This blog is all Sara Grant's fault! I made an offhand comment about stalking an agent and she contributed the first item on this list. After that, well, it was just too good an idea to waste. As ever, any resemblance to writers alive or dead is (mostly) coincidental.

You know you've gone too far when...
  • You name your firstborn child after an agent you're hoping to impress
  • You rearrange commas in your dreams
  • You're practicing your author signature before you've even finished the first chapter
  • You not only retweet praise, but also criticism, spam and your gas bill
  • You've spent a fortune trying to get various publishing people drunk enough to read your book
  • Your Twitter profile includes the words "brilliant", "visionary" or "genius"
  • You hate email submissions because you can't enclose a gift
  • You decide to enclose a gift anyway, and bulk buy e-vouchers from, redeemable against over 20,000 items of hilarious hamster-themed merchandise
  • You start worrying about your "legacy"
  • You finish a novel and discover that not only is the house empty, but also that your family left three weeks ago without a forwarding address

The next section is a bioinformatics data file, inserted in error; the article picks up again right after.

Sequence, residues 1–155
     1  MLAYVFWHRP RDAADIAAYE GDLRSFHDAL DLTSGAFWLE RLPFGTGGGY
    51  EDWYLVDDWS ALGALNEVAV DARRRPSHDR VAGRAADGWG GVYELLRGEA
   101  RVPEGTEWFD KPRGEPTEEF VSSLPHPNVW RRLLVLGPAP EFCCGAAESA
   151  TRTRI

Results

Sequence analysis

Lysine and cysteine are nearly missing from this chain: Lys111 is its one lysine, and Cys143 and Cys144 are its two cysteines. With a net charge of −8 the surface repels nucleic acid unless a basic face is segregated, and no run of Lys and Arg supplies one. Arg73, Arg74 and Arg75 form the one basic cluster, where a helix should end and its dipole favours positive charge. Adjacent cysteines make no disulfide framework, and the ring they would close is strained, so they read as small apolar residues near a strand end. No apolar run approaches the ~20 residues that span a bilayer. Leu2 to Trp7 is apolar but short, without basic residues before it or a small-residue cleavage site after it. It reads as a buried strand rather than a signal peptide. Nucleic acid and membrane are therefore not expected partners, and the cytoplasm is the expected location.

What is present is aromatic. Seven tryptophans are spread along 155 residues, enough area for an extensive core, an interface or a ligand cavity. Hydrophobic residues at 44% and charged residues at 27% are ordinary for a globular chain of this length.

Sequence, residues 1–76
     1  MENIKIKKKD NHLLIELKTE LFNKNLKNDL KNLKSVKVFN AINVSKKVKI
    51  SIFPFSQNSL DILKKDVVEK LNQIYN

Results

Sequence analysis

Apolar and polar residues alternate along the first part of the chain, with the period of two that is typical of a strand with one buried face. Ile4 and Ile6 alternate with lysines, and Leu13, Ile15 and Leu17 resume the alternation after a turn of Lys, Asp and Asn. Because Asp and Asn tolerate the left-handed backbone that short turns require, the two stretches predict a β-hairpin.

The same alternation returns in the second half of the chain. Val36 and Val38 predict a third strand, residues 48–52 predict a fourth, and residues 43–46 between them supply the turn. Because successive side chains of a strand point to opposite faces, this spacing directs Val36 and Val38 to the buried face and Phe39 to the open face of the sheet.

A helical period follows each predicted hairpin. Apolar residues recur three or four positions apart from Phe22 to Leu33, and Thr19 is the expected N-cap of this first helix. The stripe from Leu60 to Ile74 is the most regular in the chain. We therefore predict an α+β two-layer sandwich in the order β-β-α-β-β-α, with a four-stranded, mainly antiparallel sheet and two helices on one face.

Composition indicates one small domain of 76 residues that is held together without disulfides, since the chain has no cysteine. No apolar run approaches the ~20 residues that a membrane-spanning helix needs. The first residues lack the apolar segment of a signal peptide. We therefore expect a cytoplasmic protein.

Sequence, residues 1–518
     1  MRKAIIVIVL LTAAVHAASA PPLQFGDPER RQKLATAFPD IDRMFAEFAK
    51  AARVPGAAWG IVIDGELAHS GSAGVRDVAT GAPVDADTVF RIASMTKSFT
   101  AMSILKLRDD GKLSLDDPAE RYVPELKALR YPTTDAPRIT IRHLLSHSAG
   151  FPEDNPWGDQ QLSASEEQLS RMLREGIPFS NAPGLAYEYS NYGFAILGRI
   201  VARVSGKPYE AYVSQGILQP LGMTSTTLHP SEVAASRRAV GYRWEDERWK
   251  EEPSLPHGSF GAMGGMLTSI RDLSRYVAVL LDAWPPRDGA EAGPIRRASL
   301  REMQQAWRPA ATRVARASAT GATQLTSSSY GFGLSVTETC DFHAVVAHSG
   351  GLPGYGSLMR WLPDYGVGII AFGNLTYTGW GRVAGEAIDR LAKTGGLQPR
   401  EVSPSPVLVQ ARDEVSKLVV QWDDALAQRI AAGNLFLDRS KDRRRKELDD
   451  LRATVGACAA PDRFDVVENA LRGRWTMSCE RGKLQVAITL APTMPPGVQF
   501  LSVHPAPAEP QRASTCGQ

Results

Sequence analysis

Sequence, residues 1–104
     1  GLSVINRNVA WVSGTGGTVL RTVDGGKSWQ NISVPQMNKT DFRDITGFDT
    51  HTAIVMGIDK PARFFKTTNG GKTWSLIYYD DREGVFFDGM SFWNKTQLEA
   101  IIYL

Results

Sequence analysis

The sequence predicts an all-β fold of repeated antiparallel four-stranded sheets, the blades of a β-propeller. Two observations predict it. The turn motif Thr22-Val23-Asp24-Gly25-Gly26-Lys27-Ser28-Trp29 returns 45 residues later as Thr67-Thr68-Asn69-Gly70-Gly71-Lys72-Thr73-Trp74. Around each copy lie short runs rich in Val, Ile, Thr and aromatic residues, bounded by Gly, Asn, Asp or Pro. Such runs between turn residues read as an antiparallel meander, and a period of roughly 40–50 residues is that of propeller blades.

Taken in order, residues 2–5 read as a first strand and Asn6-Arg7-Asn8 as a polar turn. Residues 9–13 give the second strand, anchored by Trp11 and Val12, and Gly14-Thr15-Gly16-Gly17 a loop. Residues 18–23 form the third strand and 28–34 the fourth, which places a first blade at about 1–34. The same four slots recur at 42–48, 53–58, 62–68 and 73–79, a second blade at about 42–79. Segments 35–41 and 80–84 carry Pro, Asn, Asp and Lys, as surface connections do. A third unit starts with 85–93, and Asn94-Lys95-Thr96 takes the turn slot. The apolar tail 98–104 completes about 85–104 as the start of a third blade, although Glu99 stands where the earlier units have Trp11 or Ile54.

• Whenever you spot someone who's in publishing, you run towards them with open arms, screaming at the top of your voice
  • You check your author rank so often that the entire Amazon site crashes
  • You find yourself pitching in a revolving door
  • You have a Google Alert set up with your name and the word "Carnegie"
  • Your first drafts are longer than the bible
  • You think that earning more money than J.K. Rowling is a realistic life goal
  • You find yourself pitching through a toilet door
  • You turn up to award ceremonies, even when you haven't been nominated
  • Your query letters include begging, bribery, threats or offers of sexual favours
  • You start talking about "reinventing the novel"
  • You find yourself pitching through a prison door
  • You email your unpublished manuscript to actors who you'd like to cast in the movie adaptation
  • You refer to your characters as though they were real people
  • You refer to yourself in the third person, as though you were a fictional character
  • You write a blog with a list in it that goes on forever